A record-high number of COVID-19 deaths were reported in Alabama on Wednesday, as the number of hospitalized coronavirus patients statewide this week continues to hit record numbers as well.
On Wednesday, the Alabama Department of Public Health reported 57 new coronavirus deaths, breaking the previous daily record of 47 set July 15. Ryan Easterling, director of health media and communications at the Alabama Department of Public Health, in a response to APR on Wednesday, wrote that the increase in deaths reported Wednesday was “because of a delay due to data review, and not an increase in deaths.”
Easterling wrote that ADPH reviews each death of someone who tests positive for COVID-19 to learn about underlying health issues and demographic data.
“The ADPH team attempts to complete the process as expediently as possible. Some factors that delay reporting of deaths include receiving records from hospitals or coroners as well as the time involved in a thorough review of the clinical course, comorbid conditions, laboratory data, and other information pertinent to the death,” Easterling said.
The high number of deaths reported Wednesday followed several days during which far fewer deaths were reported, which could explain the large increase. But the delay in data collection that resulted in the spike Wednesday can’t explain why the seven and 14-day averages of the daily increase to the state’s death toll have increased substantially in the last two weeks. Seven- and fourteen-day averages are used to smooth out daily inconsistencies and variability in reporting data.
The 14-day average of deaths was 21 on Wednesday — meaning that on average, the state reported 21 deaths per day for the last 14 days. That’s up from 11 two weeks ago. The seven-day average was 12 two weeks ago but 20 on Wednesday.
The increase in coronavirus deaths also comes as the state’s hospitals continue to see a surge in COVID-19 patients, many of whom need more serious treatment and are filling up many hospitals’ COVID-dedicated intensive care units. On Monday, Alabama set a new daily COVID-19 hospitalization record, with 1,571 patients in hospitals with COVID-19 statewide. A month ago, the seven-day average of daily COVID-19 hospitalizations was 658. But on Wednesday, that same metric was up 126 percent to 1,489.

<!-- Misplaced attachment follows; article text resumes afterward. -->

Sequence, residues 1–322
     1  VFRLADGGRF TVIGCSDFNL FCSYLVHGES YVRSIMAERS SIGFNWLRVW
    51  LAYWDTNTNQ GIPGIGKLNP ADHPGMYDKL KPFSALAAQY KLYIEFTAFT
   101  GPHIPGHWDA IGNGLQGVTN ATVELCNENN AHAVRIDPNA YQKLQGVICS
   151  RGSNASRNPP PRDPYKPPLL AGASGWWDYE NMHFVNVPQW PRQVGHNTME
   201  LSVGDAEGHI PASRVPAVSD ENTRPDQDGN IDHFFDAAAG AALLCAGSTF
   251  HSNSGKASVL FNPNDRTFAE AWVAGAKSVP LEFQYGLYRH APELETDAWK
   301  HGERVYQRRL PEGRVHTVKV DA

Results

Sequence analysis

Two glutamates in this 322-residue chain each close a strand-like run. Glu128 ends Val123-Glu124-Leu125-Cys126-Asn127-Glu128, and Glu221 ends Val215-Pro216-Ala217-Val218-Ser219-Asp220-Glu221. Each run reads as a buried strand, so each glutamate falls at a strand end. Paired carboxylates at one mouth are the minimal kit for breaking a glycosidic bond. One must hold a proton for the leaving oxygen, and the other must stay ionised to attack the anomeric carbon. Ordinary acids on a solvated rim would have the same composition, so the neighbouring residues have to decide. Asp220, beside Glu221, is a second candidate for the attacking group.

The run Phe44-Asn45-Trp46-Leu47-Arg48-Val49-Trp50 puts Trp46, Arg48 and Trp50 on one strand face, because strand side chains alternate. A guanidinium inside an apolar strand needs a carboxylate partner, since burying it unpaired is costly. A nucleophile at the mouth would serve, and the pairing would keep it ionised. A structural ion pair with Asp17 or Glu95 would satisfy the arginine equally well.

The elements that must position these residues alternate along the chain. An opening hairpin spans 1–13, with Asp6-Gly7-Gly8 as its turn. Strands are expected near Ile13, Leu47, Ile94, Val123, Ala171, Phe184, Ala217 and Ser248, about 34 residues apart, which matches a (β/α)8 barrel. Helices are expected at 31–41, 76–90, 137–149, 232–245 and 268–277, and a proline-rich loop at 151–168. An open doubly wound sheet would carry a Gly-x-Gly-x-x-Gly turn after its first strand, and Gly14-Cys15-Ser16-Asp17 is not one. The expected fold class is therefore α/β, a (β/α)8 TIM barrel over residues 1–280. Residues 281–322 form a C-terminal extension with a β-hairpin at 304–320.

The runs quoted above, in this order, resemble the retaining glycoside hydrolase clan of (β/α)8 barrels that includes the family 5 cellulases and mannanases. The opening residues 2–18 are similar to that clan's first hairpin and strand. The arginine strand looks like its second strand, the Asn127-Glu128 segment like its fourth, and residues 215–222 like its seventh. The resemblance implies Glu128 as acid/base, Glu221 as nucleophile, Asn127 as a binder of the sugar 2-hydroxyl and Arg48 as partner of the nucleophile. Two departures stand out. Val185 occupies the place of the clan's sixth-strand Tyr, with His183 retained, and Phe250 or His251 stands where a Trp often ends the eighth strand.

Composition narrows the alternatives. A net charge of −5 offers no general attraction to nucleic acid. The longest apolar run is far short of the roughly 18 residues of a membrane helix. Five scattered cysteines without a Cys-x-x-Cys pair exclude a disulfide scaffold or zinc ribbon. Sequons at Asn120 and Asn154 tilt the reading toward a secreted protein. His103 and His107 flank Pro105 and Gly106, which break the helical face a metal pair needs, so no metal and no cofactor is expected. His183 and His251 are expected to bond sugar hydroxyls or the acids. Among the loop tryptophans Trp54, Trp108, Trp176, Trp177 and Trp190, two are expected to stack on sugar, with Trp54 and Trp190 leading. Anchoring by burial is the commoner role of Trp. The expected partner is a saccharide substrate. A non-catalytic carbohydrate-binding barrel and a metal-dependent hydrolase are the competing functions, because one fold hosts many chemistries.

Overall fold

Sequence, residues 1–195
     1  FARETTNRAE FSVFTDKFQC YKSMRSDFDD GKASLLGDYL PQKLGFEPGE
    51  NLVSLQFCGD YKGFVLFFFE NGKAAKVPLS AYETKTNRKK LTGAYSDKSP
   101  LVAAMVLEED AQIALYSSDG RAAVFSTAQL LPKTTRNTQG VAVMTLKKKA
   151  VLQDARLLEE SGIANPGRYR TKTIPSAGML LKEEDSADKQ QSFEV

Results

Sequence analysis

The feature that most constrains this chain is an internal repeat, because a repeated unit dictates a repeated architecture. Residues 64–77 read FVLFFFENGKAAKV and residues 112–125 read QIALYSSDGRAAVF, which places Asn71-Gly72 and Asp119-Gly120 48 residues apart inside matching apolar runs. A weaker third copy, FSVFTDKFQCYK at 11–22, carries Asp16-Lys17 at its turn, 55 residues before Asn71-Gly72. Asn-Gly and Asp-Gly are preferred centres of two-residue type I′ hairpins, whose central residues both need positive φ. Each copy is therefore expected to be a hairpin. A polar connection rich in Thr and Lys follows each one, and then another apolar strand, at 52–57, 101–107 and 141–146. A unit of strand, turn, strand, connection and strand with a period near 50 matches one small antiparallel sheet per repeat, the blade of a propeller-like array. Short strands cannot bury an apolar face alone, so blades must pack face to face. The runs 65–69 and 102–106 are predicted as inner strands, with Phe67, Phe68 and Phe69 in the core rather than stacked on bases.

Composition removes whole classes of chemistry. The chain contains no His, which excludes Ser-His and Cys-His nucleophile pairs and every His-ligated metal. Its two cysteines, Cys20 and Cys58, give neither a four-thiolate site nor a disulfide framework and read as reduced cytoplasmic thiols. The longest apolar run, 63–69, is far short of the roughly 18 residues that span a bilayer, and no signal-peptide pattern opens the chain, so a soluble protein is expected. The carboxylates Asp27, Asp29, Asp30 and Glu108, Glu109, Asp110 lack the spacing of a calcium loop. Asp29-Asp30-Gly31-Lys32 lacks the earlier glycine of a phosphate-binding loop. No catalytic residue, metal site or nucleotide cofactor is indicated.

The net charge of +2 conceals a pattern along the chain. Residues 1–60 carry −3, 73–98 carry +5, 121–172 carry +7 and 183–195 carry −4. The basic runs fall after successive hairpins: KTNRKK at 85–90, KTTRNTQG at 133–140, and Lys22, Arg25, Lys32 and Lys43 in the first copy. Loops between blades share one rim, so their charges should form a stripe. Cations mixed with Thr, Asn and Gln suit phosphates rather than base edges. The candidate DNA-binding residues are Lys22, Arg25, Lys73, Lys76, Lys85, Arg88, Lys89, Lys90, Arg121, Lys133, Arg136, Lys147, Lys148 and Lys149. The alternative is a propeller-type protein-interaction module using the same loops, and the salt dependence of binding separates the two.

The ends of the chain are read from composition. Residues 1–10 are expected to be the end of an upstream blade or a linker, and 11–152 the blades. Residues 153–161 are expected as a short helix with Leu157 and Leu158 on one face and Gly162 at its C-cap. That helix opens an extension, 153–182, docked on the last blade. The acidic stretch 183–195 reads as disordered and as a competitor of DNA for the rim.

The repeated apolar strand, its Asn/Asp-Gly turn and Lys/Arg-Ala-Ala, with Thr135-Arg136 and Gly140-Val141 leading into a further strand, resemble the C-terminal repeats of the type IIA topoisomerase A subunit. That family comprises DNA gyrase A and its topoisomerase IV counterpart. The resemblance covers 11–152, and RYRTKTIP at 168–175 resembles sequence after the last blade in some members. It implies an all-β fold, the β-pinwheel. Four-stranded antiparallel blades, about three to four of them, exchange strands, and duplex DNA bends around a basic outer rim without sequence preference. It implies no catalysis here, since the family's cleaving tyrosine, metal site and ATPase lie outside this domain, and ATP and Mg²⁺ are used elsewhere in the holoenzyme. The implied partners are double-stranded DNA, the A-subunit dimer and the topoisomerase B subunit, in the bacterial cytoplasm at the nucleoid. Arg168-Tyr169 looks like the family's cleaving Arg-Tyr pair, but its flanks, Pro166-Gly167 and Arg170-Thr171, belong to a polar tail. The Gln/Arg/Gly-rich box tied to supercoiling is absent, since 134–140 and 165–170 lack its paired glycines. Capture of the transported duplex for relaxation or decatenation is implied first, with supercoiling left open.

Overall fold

UAB Hospital on Wednesday was caring for a record-high 105 COVID-19 inpatients for the second day in a row, which was a 23 percent increase from UAB’s inpatient number last Wednesday. East Alabama Medical Center in Opelika on Monday was caring for a record 58 COVID-19 patients — a 48 percent increase from two weeks ago. Hospital administrators there expressed concern Monday over a surge in coronavirus patients, which they said was putting a strain on staff and hospital resources.
In a message on ADPH’s COVID-19 dashboard Wednesday, the department said Wednesday’s statewide COVID hospitalization numbers would be available after 1 p.m. on Thursday, but the trend throughout July has been a steady increase in the number of people with coronavirus needing hospital care.
At East Alabama Medical Center in Opelika, physicians on Wednesday we treating a record number of COVID-19 patients, when the hospital was caring for 62 such patients, eight of whom were on ventilators.
Alabama recorded 1,338 new coronavirus cases Wednesday, which is down significantly from daily totals over the past week, but the decrease appears to be due to an equal reduction in testing.
Over the last three days, labs in Alabama reported 23,701 COVID-19 tests. Over the three days prior, labs reported 34,208 tests. Even with the decline in cases over the last few days, the 14-day average of daily coronavirus case increases was still at a record high Wednesday at 1,714.
Another indicator that the reduction of new cases Wednesday is due to less testing, and not a decrease in the spread of the virus, is that the percentage of tests that are positive remains extremely high.
The state’s current positivity rate — based on seven-day averages of case and test increases — was 17.95 percent. That’s higher than at any point since the pandemic began when taking into account incomplete testing data in early April that inflated the rate then.
Public health experts say the positivity rate needs to be at or below 5 percent or there isn’t enough testing and cases are going undetected. Any higher than 5 percent, and conducting contact tracing, one of the only tools available to public health officials to combat a spreading disease, becomes much more difficult.